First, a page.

Iceland experienced an identical crisis to Ireland – private banks borrowed too much money in deregulated markets to finance a domestic real estate boom. This is not the case in Greece. Iceland responded by privatising the debt whereas Ireland socialised it.
In 2008, when the domestic real estate boom collapsed Iceland refused to guarantee the debt of non-resident bondholders. They introduced capital controls and devalued their currency.
Ireland adopted a classic orthodox approach. It opted to save the banks and introduce an austerity package that since 2008 has equated to 13 percent of GDP .This was widely supported by most Irish economists, journalists and political parties.
Two years later Iceland were back in the bond markets and experiencing economic growth. Ireland was in receipt of an ECB-IMF-EU Commission financial loan with strict conditions.
Ireland adopted the orthodox approach with the explicit intention and belief that it would enable full access to international bond markets at reasonable rates. The Irish strategy failed and the Icelandic one succeeded. This is a brutal fact that cannot be ignored (and nor will it by economic historians).
The difference between the two countries is of course – the Euro.
International finance markets find it much more difficult to cause a sovereign liquidity crisis in a country that controls its own currency than one that does not. Ireland and Spain are reliant on private finance markets whereas the UK and Iceland have their own central banks. They have much more domestic political discretion to coordinate monetary policy.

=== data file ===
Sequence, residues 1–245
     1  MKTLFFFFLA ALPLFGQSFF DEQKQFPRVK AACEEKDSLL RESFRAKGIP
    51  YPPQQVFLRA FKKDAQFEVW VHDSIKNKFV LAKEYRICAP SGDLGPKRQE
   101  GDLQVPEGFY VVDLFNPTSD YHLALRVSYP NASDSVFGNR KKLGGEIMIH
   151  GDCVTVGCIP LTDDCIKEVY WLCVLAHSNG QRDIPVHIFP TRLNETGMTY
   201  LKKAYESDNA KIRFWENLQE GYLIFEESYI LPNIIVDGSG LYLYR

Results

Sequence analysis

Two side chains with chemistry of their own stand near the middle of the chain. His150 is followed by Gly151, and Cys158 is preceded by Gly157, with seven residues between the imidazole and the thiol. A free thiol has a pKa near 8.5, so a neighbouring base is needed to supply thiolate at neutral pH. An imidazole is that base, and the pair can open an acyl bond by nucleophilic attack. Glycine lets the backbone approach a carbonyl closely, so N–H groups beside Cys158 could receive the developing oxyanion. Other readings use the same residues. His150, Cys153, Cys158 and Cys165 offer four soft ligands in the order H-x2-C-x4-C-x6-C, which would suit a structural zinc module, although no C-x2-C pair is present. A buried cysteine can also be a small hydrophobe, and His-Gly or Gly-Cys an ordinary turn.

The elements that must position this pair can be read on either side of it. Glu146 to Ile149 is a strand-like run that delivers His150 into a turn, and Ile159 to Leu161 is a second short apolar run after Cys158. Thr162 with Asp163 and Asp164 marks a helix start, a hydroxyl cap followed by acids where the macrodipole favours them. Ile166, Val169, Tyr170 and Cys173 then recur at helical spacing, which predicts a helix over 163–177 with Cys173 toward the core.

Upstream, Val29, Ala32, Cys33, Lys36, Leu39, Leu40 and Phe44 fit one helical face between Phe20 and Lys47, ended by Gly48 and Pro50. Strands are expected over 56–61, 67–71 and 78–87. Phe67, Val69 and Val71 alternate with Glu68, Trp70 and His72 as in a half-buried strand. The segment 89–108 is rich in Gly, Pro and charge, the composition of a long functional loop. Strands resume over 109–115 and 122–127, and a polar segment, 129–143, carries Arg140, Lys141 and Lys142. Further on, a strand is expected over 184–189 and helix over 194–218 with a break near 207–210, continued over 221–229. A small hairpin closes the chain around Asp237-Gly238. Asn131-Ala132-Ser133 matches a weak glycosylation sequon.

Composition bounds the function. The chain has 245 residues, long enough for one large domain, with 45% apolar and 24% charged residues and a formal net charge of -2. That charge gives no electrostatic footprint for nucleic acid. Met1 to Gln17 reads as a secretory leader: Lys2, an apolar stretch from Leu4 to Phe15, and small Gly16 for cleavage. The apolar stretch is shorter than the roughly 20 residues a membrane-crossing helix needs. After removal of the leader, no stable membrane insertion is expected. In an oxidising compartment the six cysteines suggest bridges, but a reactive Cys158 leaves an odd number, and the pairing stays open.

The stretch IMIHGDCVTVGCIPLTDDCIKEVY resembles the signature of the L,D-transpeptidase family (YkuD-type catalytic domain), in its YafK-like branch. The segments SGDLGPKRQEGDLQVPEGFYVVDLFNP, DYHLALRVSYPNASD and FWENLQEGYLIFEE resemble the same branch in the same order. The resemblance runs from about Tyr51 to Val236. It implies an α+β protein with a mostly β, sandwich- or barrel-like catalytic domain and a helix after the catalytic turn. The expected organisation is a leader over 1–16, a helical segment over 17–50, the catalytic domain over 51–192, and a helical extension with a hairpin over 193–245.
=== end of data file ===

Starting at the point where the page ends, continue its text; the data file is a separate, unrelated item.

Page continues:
The UK has pursued a classic orthodox approach for political not economi reasons. The Tory government have clear policy choices if they opt to pursue them.
Spain and Italy, on the other hand, are preempting markets by flexing their austerity muscles before it is imposed from the Troika. It is a political signal to the market that they are as tough as the Irish.
Ireland, Portugal, Spain, Italy and Greece are bound by the constraints of the Euro. Greece will default, this is inevitable. So will Ireland if the German government does not change policy direction. In fact, the German elections are probably more important for policy outcomes in Ireland than Irish elections.
So, although I do not fully support it, it is perfectly rational to call for exit from the Euro to solve Ireland’s problems. In fact, it is much more rational to call for an exit from the Euro than to advance the argument for more austerity (or at the rightwing extreme – call for what Jurgen Stark advocates).
Ireland is in the position of an emerging market economy that is issuing debt in a foreign denominated currency. The only journalist to face up to this reality and call a spade a spade is David McWilliams.
Irish policymakers and economists will be judged by the history books. Most will be painted as short-sighted and lacking the courage to change direction from a vicious path dependent route to self-defeating austerity and ‘structural adjustment programs’. This reality might appeal to the self-interest of politicians and force a change in direction.
Ireland is no longer a democracy. The bind of the Euro and the Troika means that we are living through a technocratic adjustment. This begs the question as to whether the reality of losing democratic sovereignty might lead to a nationalist-republican sentiment to rise up and challenge the orthodox consensus?
It has not so far. But, my guess is that this will radically change when the next election comes around. That is unless the centre-right German coalition are kicked out of office and a new government adopts a radical new strategy for Europe.